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‘Star Trek: Strange New Worlds – Season One’ (Blu-ray review)

Created by Akiva Goldsman, Alex Kurtzman,  Jenny Lumet
Based on Star Trek by Gene Roddenberry
Starring Anson Mount, Ethan Peck, Jess Bush,
Christina Chong, Celia Rose Gooding, Melissa Navia,
Babs Olusanmokun, Bruce Horak, Rebecca Romijn


Star Trek: Strange New Worlds is the Star Trek of my imagination.

Set in the 23rd century a decade before the classic 1960s television series, the first season of this newest installment of the Trek franchise has arrived on Blu-ray, DVD, and an upcoming 4K UHD SteelBook.

This series spins out of the events of season 2 of Star Trek: Discovery and debuted on Paramount+ in 2022.

The relevant establishing story points are succinctly recapped in the premiere episode, “Strange New Worlds.”

Longtime Trek fans will immediately recognize the setting and premise.

Starfleet Captain Christopher Pike, played by Anson Mount, leads the crew of the Starship Enterprise as they explore wonders and dangers at the edges of Federation space. It is the same basic premise as the scuttled 1965 pilot of the original series. Elements of that story made their way into the first season of Star Trek the following year and have since become foundational canon for the franchise.

It is a moment in Trek history that many fans have hoped to visit after decades of spinoffs and movies. But despite being so deeply rooted in franchise continuity, Strange New Worlds presents a fresh entry point for new audiences.

The ensemble crew mixes the established but undeveloped characters of Captain Pike and his Number One, Una Chin-Riley (Rebecca Romijin) with younger versions of classic characters Spock (Ethan Peck), Nyota Uhura (Celia Rose Gooding), Nurse Chapel (Jess Bush), and Dr. M’Benga (Babs Olusanmokun). Rounding out the mix are several new characters including security officer La’an Noonien-Singh (Christina Chong), pilot Erica Ortiz (Melissa Navia), and Chief Engineer Hemmer (Bruce Horak), a blind Andorian. The rich mix provides fertile territory for character development and story opportunities that are enriched rather than hamstrung by what has come before in the franchise.

The series restores the episodic storytelling of the classic format, refined for contemporary audiences by more sophisticated storytelling and robust character development. Over the course of the first season’s ten episodes, Strange New Worlds offers up the rich situational and tonal variety once common to Trek but missing from recent installments of the franchise as audiences have grown accustomed to heavily serialized plotlines.

The premiere sets the tone for what is to follow as Enterprise is called out of spacedock early to mount a rescue after Number One goes missing during a first contact mission. The episode lays out all the necessary backstory and foundation needed to engage the viewer while thoughtfully incorporating visual and plot elements of the Cold War science fiction tropes from which Star Trek was born, from The Day the Earth Stood Still to Silent Running. This is a show that knows where it comes from, and where it wants to go.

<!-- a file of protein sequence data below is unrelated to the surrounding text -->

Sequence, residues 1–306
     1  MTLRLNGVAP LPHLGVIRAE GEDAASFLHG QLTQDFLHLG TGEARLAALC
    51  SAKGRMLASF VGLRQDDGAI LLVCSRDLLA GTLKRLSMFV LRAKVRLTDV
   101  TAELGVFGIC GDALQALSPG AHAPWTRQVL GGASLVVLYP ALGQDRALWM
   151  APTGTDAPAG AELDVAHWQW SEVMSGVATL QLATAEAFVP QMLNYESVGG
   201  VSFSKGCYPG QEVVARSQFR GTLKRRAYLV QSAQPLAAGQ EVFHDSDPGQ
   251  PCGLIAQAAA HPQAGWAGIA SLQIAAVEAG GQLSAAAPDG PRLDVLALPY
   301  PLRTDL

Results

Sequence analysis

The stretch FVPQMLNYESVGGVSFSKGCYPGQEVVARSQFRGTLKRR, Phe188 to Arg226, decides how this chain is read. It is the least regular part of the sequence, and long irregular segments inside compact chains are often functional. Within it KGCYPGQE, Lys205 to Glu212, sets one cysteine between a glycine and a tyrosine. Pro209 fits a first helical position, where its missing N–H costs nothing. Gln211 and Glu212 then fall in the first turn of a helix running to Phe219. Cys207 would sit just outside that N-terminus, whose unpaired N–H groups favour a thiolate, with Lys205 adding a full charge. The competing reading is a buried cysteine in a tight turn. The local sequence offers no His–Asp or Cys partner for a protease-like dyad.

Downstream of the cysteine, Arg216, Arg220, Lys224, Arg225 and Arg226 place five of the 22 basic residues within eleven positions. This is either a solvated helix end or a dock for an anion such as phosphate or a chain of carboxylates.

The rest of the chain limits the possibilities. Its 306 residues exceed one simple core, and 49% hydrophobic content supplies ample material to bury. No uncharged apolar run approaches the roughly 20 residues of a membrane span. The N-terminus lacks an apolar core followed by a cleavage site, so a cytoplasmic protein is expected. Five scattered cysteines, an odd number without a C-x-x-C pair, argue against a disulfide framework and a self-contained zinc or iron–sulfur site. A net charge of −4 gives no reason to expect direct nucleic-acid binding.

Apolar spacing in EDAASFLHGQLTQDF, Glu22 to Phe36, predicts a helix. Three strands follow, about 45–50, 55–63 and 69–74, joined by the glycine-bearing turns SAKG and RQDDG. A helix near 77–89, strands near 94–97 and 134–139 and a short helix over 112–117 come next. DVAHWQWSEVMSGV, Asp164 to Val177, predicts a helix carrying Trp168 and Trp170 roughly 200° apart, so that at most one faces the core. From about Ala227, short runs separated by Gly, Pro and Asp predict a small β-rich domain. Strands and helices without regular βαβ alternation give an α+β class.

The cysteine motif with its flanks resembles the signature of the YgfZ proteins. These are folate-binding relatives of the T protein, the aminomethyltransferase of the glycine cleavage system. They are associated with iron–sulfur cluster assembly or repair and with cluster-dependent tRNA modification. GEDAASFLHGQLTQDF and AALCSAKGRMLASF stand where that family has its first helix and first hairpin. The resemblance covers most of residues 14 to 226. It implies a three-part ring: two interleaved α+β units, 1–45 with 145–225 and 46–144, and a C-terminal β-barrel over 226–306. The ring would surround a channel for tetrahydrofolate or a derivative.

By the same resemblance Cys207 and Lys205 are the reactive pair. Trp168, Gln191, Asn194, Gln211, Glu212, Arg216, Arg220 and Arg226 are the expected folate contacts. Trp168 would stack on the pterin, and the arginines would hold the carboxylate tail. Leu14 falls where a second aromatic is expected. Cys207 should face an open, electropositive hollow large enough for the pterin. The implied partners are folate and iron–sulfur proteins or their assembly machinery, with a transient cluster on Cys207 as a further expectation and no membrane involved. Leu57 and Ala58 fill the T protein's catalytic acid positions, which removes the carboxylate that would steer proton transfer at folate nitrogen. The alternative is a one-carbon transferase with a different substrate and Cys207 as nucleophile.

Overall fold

The next episode, “Children of the Comet,” provides Cadet Nyota Uhura with more backstory and development than decades of previous appearances by this iconic character. Uhura’s robust arc and her unlikely friendship with Chief Engineer Hemmer continue to grow and to evolve throughout the season.

While each character is given plenty of opportunities in the spotlight, not all are handled as effectively as Uhura. Captain Pike and Science Officer Spock, as the series’ central characters, receive the most attention. Meanwhile, a plot involving Dr. M’Benga’s search to cure his daughter’s terminal illness seems hastily resolved after being teased out over several episodes. Likewise, the ship’s pilot, Lieutenant Ortegas is a vivid personality but almost entirely undeveloped after ten episodes compared to her fellow crewmates.

Subsequent episodes also demonstrate a wide tonal range. The Gorn, an archetypical “rubber-suited alien” from the Original Series, are reimagined with modern effects technology as a terrifying predator species in “All Those Who Wander,” a horror-thriller with a debt to Alien. “The Elysian Kingdom,” in which the crew are transformed into characters from a fairy tale, is a nod to some of classic Star Trek’s more fanciful and lighthearted episodes. While viewers personal preferences might vary, there is something for everyone, and each episode is crafted consistently and solidly executed.

Extras include audio commentary on the pilot, deleted scenes, Star Trek: The Original Series Episode “Balance of Terror”, featurettes and gag reel.

Star Trek: Strange New Worlds restores the fun and optimism inherent in the storied franchise from the beginning but missing from more recent incarnations. With a budget allowing for production design and modern effects that the original series’ producers could only dream of, season one of this reinvigorated classic is Star Trek the way it always looked in my head.

Season 2 of Star Trek: Strange New Worlds premieres June 15 on Paramount+


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